The amendment to §65.360, concerning Report Requirements, makes nonsubstantive changes to correct references to department documents, extends the deadline for the return of egg collection reports, and requires permittees to notify the department when hide tags are lost, destroyed, stolen, or mutilated. The amendment is necessary, respectively, to allow more time for egg collectors to compile and submit their reports and to accurately account for the disposition of all nest stamps issued by the department.

The amendment to §65.361, concerning Alligator Farm Facility Requirements, requires hide tag applications to be submitted 15 days prior to the harvest of alligators, except for non-harvest mortalities. The amendment is necessary for the department to accurately track harvest numbers.

The amendment to §65.362, concerning Importation and Exportation, eliminates the requirement that an export permit be purchased for each instance of importation and replaces it with an export permit valid for a maximum of one year if purchased September 1. The amendment also creates a notification requirement for each instance of importation. Further, the amendment also acknowledges the change to another section that would allow live alligators from out-of-state to be temporarily transported in or through the state en route to other destination. Finally, the amendment creates a $4.00 export fee for each live alligator exported from the state that is not accompanied by a valid, department-issued hide tag. The amendment is necessary to make the section comport with the provisions of other sections, to reduce the administrative costs to the department, and to create an incentive for live alligators to be sold in Texas and exported only when a Texas buyer cannot be found.

The amendment to §65.363, concerning Alligator Control, adds a new subsection (a) to explicitly acknowledge the department’s authority to contract for the removal of nuisance alligators. The amendment is necessary because although the authority can be inferred from the context of the section, there is no clear statement stating so.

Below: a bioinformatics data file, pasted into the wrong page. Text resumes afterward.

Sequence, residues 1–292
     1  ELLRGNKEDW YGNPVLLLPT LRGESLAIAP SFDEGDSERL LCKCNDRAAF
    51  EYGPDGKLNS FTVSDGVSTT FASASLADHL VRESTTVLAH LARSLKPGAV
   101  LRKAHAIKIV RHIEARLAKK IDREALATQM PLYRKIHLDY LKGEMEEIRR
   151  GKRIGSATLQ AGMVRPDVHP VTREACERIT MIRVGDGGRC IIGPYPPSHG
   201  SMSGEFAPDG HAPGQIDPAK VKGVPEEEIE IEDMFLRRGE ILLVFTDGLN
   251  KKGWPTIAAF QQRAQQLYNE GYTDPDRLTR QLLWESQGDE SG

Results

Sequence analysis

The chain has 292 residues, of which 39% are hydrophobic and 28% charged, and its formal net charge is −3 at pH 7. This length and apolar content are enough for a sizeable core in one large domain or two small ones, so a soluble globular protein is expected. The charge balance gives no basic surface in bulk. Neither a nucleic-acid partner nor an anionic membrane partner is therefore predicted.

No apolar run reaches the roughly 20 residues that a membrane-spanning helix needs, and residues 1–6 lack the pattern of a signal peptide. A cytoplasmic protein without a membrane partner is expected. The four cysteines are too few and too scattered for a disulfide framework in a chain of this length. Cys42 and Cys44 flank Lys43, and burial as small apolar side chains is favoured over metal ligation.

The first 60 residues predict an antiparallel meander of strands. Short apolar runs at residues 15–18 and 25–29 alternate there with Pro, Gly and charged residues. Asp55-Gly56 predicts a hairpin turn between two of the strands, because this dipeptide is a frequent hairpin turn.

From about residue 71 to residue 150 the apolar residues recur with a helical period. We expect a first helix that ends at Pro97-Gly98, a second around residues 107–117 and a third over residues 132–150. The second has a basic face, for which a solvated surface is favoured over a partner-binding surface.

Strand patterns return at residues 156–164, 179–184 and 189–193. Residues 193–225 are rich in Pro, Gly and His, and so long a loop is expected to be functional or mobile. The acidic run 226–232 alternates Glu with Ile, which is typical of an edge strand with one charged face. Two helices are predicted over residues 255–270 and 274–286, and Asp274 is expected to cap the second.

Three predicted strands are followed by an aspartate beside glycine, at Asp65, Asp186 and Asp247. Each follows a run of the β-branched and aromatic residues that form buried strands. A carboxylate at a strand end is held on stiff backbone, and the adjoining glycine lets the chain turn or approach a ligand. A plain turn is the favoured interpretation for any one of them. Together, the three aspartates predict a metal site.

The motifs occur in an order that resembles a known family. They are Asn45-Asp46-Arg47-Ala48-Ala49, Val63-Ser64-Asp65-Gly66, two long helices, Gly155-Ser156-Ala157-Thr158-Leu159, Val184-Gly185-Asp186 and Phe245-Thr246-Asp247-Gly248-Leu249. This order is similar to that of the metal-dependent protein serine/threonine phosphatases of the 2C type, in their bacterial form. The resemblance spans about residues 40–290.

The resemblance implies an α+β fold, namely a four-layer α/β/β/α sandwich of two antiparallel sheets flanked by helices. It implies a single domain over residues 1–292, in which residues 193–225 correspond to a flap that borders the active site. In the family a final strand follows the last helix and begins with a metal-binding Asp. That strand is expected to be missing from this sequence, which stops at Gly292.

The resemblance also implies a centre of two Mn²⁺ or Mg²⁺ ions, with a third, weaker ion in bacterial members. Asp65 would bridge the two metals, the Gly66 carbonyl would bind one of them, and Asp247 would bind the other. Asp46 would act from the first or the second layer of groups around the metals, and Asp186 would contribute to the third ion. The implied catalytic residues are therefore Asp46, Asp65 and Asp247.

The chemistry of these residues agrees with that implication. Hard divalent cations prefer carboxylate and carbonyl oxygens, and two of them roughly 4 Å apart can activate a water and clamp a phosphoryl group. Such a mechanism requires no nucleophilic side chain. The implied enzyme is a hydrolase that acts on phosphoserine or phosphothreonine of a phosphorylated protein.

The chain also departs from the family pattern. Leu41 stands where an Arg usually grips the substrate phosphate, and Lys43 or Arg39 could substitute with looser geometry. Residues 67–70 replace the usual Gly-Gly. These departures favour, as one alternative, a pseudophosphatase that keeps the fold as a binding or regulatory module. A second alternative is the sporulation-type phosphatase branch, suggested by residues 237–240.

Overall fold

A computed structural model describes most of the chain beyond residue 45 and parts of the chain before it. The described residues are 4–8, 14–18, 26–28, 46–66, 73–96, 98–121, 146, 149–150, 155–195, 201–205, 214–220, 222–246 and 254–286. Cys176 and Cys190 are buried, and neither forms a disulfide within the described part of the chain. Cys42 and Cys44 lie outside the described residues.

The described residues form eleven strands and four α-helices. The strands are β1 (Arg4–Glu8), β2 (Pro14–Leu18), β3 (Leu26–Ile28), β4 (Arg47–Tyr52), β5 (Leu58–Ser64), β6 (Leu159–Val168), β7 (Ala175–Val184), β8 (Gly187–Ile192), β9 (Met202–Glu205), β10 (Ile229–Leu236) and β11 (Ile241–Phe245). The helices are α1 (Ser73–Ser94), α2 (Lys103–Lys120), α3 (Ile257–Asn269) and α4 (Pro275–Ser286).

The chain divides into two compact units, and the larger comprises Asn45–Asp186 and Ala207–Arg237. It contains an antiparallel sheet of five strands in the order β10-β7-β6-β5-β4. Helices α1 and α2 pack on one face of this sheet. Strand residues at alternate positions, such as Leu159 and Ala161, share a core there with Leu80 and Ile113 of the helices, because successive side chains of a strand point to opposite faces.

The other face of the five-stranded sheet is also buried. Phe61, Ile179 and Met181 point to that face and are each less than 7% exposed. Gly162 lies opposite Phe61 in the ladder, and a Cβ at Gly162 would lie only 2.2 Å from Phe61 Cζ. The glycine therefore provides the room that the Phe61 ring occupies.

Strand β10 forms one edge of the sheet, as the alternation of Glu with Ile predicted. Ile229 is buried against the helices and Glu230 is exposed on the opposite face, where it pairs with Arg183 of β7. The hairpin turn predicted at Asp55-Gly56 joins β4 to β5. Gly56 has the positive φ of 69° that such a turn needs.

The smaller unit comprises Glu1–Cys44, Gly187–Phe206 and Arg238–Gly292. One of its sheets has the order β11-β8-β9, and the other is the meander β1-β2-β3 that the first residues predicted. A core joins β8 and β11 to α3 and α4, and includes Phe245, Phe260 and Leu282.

The amendment to §65.364, concerning Exceptions, prohibits the feeding of free-ranging alligators (except for hunters), and requires that persons who kill an alligator in self-defense notify the department immediately, rather than within 24 hours. The amendment is necessary to stop the practice of alligator feeding in non-farm environments, which causes alligators to lose their natural fear of humans and encourages them to understand human activity as a possible food source and to assist law enforcement investigations by narrowing the timeframe for reporting such mortalities inflicted in self-defense situations.

New §65.365, concerning Management Tag, provides for a reduced-price hide tag to be issued to landowners to encourage the harvest of sub-adult alligators, and establishes a fee of $5.00 per tag. The amendment is necessary to encourage selective harvest of size classes in proportion to their occurrence in the wild.

New §65.366, concerning Violations and Penalties, contains the provisions of former §65.365, which was repealed to create more space within the subchapter for new sections.

2. Fiscal Note.

Robert Macdonald, regulations coordinator, has determined that for each of the first five years that the rules as proposed are in effect, there will be fiscal implications to state government as a result of enforcing or administering the rules. The department expects to sell approximately 300 of the newly created management hide tags at $5.00 per tag, which will result in approximately $1,500 per year in additional revenue to the department. The rules as proposed will not result in fiscal implications for units of local government.

3. Public Benefit – Cost Note.

Mr. Macdonald also has determined that for each of the first five years the rules as proposed are in effect:

(A) The public benefit anticipated as a result of enforcing or administering the rules as proposed will be better organized regulations, more efficient administration of the department’s statutory duty, and an increased quality of protection for alligator resources in the state.